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During a job interview, you'll probably be asked to discuss some of your strengths and weaknesses. The first part is easy. The second part, not so much. Navigating the "weakness" question effectively can help set you apart from other job candidates. One common strategy is to convert your weakness from a negative to a positive. You have to prepare well to avoid coming across as trite. A strong answer shows humility, self-awareness and commitment to personal development.
The starting point with "how" to turn a negative into a positive is to plan ahead. You won't succeed in the interview if you haven't prepared. You know the weakness question is probably going to come, so take an inventory of your personal and professional strengths and weaknesses. Your goal is to come up with a genuine weakness that doesn't bring up a red flag for the hiring manager. You don't want to point out a weakness that contradicts a desired quality for the position. For example, if you seek an accounting job, you don't want to tell the interviewer that you have a hard time staying organized or keeping up with important details.
Your ability to speak honestly and intelligently about a weakness reveals that you have strong self-awareness. You recognize that you have weaknesses, that you understand them, and that you know you must improve. Acknowledging a weakness also makes you more likable and human. One good strategy is to present a weakness at the same time your present a strength. For example, you might say, "I am very focused on forming positive relationships with colleagues and customers, but I spend so much time on that that I sometimes struggle with details." This response lets the interviewer know that you have a weakness with details, while at the same time letting her know that you are good at building relationships. This works well with a relationship-centered, communication-driven position.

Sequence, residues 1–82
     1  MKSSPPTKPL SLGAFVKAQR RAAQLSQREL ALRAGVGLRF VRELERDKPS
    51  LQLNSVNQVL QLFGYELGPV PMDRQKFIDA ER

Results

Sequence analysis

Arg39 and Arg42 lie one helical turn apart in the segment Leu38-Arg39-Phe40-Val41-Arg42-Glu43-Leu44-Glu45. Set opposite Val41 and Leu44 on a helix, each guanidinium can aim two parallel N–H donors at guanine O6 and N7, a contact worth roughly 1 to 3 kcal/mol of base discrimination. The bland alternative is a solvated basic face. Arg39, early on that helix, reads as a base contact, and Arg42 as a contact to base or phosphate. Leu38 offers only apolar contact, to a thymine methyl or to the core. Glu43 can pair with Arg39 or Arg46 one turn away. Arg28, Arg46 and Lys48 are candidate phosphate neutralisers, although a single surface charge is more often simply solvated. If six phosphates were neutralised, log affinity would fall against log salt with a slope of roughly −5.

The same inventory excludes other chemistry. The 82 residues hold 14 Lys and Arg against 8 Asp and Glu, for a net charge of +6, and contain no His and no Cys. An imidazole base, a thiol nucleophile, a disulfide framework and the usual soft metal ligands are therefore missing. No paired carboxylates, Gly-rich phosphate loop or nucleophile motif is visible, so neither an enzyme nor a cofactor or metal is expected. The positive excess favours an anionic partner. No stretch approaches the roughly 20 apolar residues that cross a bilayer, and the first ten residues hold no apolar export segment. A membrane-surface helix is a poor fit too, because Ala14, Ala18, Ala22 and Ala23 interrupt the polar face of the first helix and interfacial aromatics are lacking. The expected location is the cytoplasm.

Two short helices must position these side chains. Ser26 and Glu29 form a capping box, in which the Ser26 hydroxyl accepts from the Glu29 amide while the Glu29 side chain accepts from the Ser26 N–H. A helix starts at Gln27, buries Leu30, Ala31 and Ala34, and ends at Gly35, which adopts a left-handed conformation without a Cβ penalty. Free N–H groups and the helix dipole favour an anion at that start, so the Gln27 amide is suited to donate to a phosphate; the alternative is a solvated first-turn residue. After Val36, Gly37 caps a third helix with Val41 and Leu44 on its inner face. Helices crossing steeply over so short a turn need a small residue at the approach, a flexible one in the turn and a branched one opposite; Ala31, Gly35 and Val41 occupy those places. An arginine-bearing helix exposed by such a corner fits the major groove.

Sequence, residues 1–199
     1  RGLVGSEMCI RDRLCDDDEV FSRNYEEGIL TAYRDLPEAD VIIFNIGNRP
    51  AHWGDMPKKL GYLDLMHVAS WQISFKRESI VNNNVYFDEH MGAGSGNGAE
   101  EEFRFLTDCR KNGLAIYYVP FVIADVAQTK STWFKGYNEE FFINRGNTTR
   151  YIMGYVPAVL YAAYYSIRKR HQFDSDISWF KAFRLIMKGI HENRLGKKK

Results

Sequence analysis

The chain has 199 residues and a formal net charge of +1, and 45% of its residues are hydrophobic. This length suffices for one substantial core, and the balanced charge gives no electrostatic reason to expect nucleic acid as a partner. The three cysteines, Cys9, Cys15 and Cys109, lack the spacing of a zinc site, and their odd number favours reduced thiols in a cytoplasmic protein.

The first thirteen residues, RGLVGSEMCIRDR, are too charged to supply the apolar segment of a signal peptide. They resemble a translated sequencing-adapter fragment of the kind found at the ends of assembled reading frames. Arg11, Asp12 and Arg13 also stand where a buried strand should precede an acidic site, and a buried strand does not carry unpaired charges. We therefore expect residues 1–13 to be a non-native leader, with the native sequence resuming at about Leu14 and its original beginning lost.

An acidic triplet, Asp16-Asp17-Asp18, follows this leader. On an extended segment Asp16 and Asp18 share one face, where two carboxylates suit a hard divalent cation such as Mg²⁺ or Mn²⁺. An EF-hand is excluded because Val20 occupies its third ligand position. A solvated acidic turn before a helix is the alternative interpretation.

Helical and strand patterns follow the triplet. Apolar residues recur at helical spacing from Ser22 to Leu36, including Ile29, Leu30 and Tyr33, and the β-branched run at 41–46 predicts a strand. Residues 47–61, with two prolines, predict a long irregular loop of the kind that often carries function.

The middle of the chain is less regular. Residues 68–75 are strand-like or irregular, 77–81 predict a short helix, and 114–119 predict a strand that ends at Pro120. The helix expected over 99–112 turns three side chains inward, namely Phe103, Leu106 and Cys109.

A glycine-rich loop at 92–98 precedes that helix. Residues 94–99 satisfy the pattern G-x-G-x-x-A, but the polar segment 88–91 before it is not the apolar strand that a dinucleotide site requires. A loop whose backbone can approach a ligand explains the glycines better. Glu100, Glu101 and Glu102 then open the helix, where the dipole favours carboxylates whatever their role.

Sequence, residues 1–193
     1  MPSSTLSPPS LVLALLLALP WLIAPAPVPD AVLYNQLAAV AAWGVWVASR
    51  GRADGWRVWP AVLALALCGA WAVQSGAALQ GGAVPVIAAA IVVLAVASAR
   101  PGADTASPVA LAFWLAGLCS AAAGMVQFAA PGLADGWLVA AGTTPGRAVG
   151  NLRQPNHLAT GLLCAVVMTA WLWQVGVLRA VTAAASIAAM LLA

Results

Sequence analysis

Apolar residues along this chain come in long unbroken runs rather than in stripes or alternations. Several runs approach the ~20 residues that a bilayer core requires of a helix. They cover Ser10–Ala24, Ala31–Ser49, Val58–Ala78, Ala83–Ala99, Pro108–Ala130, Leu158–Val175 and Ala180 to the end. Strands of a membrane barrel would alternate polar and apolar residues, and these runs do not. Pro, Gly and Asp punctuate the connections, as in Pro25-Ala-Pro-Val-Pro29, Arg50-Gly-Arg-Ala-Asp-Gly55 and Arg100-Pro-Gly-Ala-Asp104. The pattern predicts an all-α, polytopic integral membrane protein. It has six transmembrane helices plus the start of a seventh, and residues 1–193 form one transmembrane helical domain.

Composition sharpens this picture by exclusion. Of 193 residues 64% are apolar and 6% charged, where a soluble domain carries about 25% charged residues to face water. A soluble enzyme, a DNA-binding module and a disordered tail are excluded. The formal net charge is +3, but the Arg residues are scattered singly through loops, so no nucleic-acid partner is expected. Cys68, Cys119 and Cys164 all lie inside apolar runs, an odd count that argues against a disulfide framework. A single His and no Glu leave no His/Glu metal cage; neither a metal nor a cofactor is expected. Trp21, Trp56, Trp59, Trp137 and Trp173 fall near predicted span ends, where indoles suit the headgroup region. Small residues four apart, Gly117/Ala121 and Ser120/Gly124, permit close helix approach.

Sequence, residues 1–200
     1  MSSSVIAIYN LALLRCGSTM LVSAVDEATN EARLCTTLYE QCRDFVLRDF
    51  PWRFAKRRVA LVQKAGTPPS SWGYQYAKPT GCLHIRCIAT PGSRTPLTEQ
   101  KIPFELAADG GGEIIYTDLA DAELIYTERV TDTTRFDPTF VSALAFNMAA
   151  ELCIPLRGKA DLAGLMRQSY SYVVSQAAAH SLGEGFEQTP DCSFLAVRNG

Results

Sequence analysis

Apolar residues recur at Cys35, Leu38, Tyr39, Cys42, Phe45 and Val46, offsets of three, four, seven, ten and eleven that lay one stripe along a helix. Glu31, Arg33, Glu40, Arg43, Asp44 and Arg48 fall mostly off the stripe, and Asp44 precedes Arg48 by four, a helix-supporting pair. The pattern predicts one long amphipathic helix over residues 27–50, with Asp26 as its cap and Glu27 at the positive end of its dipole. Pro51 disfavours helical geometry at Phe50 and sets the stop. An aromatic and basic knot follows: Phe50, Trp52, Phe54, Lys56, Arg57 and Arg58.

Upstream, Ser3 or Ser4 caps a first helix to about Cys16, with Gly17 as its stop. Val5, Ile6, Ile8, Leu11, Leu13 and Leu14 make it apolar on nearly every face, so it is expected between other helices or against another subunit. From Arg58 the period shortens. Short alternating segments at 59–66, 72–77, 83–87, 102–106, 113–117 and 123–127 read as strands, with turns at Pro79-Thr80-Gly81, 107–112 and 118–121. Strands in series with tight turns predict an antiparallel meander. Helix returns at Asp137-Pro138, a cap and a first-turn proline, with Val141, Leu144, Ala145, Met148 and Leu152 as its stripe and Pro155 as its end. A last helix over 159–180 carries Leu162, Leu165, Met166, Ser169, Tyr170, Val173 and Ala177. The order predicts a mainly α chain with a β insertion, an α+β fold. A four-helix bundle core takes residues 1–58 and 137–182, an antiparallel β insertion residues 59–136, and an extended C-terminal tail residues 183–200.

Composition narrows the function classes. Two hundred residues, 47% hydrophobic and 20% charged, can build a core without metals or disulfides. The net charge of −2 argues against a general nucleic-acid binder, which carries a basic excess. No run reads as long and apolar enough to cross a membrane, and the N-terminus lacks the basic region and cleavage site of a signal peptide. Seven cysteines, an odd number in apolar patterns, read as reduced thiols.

Show Growth and Development
Continuing on with your response, you also want to show emphasis on growth and development. You could finish your answer with, "I have gone to a couple seminars in the past year to improve my process of keeping track of details. I have developed a system of daily and weekly reminders that has helped me overcome some of my past problems in this area." Your answer reveals that you understand yourself and are committed to improving in areas where you struggle.
Avoid Common Mistakes
When answering the weakness question, it is important to avoid some common mistakes. First, don't say you have no weaknesses. This is not only unrealistic -- after all, everyone has weaknesses -- it also shows a lack of humility. You also need to avoid a trite response, or one that sounds canned. A common example is, "I'm a perfectionist so sometimes I'm too hard on myself." While this theoretically turns the answer into a positive, it also comes across as disingenuous. Another example is, "I'm so committed to my work that sometimes I push myself too hard." Again, this sounds like a generic response with little thought behind it.
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Neil Kokemuller has been an active business, finance and education writer and content media website developer since 2007. He has been a college marketing professor since 2004. Kokemuller has additional professional experience in marketing, retail and small business. He holds a Master of Business Administration from Iowa State University.